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Manufacturing crash adds to global gloom
NEW YORK |
NEW YORK (Reuters) - Factory activity contracted sharply in October, falling to its lowest in 26 years as the financial crisis ravaged the world's largest economy and its trading partners around the globe.
The one bright spot in the report was that its main gauge of inflation, the prices paid measure, recorded its biggest one-month drop ever. This should let the Federal Reserve keep interest rates low to fight off what many fear will be a deep recession.
"Pretty grim. It means we're in a recession, it's as simple as that ... a pretty solid manufacturing recession," said Robert Macintosh, chief economist at Eaton Vance Corp in Boston. "The question is, 'How long or deep is it going to be?'"
The Institute for Supply Management said its index of national factory activity fell to 38.9 in October from 43.5 in September. That was well below the 50 level separating contraction from expansion, and a reading below 40 is exceptionally weak.
Economists had expected a reading of 41.5, according to the median of forecasts in a Reuters poll.
On Wall Street, stocks overcame initial selling after the ISM's data release at mid-morning to fluctuate between positive and negative territory throughout the session. Just after the 4 p.m. closing bell, the Dow Jones industrial average and the Standard & Poor's 500 Index were slightly lower and the Nasdaq Composite Index was modestly higher.
The dollar managed to gain against the euro and yen.
Monday's data came a day before the U.S. presidential election and added to the load of evidence indicating that whoever wins will face a monumental task in getting the economy back on track.
Other data showed U.S. construction spending fell in September, while data from around the globe showed few if any regions were immune to the pronounced economic deterioration.
The euro zone is already in a technical recession and growth will come to a virtual standstill next year, according to the European Commission, which called for coordinated European Union action to support growth.
Euro-zone manufacturing sank in October below record low levels initially estimated and may have further to fall. British factory output contracted for a sixth consecutive month.
A measure of Chinese manufacturing showed factory output shrank sharply in October in the face of waning orders.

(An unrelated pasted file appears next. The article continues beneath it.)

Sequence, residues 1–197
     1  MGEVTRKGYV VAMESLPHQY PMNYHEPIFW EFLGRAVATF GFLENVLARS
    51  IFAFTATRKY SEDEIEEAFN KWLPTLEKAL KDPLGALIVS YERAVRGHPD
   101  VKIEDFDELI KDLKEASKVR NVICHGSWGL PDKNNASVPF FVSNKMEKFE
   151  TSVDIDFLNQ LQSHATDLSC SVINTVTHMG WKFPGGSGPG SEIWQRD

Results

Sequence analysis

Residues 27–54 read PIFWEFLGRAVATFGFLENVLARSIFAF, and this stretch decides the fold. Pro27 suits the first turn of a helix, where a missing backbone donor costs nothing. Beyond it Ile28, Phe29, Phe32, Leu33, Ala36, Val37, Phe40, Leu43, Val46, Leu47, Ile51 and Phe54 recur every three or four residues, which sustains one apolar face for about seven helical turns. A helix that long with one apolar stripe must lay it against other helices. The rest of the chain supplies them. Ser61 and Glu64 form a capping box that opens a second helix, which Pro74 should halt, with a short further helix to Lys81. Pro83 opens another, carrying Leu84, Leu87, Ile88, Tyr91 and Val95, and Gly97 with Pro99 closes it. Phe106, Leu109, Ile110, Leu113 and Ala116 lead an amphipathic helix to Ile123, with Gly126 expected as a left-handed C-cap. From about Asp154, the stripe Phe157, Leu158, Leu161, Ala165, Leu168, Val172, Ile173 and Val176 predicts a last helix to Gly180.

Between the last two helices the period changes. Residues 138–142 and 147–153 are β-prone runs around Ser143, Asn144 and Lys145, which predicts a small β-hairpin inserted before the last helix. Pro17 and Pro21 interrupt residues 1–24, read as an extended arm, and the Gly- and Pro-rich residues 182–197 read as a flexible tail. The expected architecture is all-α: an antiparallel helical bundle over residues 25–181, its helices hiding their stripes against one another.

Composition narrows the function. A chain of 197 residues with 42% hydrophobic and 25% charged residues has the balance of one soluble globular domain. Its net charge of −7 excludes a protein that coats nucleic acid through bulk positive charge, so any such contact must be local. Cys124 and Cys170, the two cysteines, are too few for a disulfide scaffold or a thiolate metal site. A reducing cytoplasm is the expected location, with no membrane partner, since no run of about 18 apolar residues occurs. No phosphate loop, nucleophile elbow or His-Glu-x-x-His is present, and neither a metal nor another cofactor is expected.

The slowdown elsewhere in the world is bad news for the United States, where manufacturing had been kept afloat until August with the help of buoyant exports.
October's report showed index of new export orders fell to its lowest on record since the ISM began polling on this issue in January 1988. It was also deep in contractionary territory, ending 70 consecutive months of growth, the ISM said.
In fact, the report was uniformly weak, and employment in the sector was dismal. The ISM's gauge of employment suffered
its biggest one-month drop in 20 years and fell to its lowest since March 1991.
The data foreshadowed a grim outlook, with the index of new orders hitting its lowest level since 1980.
"Usually when we see new orders drop significantly, it's not a one-month event," said Norbert Ore, chairman of the Institute for Supply Management's manufacturing business survey committee , in a conference call with reporters. "It will take awhile for the correction to take place."
The factory sector, like the rest of the economy, has been squeezed by a severe tightening of credit during the worsening of the financial crisis.
Most U.S. and foreign banks tightened lending standards to businesses and households over the last three months amid economic uncertainty and weakened capital positions, the Federal Reserve said on Monday.
Automakers have been hit hard. U.S. auto sales plunged near 25-year lows in October, led by a 45 percent drop at General Motors Corp, with no sign the industry's year-long slump had hit bottom and doubts persisting that all the major automakers can survive.
(Additional reporting by John Parry)
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